Today text messages are still one of the most effective channels for promotional and transactional messages. However, they are gradually losing their credibility for users for two reasons.
First, the default messaging apps are no longer practical with only a 160-character limit and no functional rich media support. Indeed, the multifunctional messaging apps like Facebook Messenger, WhatsApp, WeChat, and others are more convenient and hence, more popular.
Second, the abundance in the messaging world has led to a dramatic increase in the number of phishing crimes and scam messages. This eventually decreases the trust among text message recipients.
To change this situation, Google introduced the concept of a verified SMS. The service is partially based on the RCS (rich communication service), which they have been developing for more than a decade.
Verified SMS is a service that sends promotional/transactional messages only from the companies that passed verification and thus can be considered legitimate and safe.
Verified SMS prevents any kinds of unauthorized messages from reaching the clients. Before the companies can send a verified SMS, they should pass a multi-step verification process.
The process begins with standard checkups of the companies’ documentations, clients, and the types of messages planned to send. This process takes a considerable amount of time.
Once the companies pass the first step of the verification process, they are already able to send verified SMS. However, verification is far not over here. After each message being sent, bots examine the message content and block if it doesn’t correspond to their requirements. This, in a way, adds an additional layer of security for messages.
Currently, verified SMS is available only in nine countries, it is expanding considerably fast and will be available worldwide in the near future. Still, some of the countries where verified SMS is available now are the UK, US, Canada, France, Spain, Brazil, Mexico, Philippines, and India.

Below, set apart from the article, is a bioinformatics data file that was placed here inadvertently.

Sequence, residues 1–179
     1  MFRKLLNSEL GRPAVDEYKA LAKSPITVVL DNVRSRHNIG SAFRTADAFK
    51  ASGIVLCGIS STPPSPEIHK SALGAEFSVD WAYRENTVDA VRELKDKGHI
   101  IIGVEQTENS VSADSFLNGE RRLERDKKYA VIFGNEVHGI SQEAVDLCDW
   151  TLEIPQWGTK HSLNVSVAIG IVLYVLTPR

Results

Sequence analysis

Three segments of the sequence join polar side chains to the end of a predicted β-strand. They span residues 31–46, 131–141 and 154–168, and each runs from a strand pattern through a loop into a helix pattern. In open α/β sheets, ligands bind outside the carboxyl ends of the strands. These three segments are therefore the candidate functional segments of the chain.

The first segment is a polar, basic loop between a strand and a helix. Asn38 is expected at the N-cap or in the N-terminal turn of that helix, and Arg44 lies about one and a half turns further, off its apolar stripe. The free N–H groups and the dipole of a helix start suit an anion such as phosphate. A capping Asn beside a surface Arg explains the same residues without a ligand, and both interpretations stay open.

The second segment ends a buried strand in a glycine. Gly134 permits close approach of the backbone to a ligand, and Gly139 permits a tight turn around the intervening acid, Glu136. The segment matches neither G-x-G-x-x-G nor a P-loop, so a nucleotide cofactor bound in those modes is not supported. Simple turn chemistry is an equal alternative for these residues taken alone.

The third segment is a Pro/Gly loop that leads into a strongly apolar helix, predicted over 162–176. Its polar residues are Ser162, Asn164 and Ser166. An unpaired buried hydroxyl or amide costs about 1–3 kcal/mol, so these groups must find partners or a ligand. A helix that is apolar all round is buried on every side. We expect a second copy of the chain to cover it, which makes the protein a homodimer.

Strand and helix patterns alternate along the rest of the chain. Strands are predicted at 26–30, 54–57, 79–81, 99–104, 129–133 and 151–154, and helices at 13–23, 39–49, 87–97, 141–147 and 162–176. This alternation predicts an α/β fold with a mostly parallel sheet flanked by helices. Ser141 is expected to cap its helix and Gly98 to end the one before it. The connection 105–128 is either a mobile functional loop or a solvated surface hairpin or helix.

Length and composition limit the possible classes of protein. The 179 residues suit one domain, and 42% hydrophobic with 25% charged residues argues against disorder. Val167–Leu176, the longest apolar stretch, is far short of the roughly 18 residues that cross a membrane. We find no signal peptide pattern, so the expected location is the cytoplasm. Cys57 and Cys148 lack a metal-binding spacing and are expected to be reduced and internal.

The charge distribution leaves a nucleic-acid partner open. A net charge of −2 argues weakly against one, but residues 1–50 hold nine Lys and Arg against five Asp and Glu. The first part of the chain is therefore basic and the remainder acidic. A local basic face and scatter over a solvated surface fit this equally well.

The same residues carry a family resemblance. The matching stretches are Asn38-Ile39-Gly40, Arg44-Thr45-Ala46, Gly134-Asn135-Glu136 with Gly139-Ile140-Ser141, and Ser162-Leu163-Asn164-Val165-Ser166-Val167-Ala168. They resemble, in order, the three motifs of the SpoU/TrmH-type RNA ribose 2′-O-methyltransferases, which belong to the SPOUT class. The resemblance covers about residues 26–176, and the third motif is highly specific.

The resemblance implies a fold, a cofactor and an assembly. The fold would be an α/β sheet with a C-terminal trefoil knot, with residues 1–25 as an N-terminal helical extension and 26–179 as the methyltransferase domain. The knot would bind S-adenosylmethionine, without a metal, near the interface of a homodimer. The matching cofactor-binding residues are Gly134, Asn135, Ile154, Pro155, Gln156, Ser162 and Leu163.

Although verified SMS and RCS are partially based on the same platform, there are a couple of differences between them. The two most noteworthy differences are the features that each one of them supports, and the countries where they are available.
The features that RCS messages support are quite a lot. It allows sending and receiving images, videos, gifs, seeing link previews, message statuses, or even a graphic to see when the other party is typing. From all of these, verified SMS only supports link previews and allows to send the message from a certified company logo with a check mark.
As surprising as it may look, there are countries where verified SMS is available, but RCS isn’t, and vice versa. This typically has to with some delays of a full integration of the RCS system.
In countries where both verified SMS and RCS are available, the one supports the other when one of them is unavailable. The theory behind this is that in order to use RCS service, companies pass the same verification process. Hence, it is ultimately safe for both ends.
Just like in the case of RCS, verified SMS is a fixed service price, which is not officially announced. Analyses estimate that the cost per one verified SMS will range between five to eight cents. Apparently, resellers in the SMS market can also impact the scheme of the pricing to a certain degree.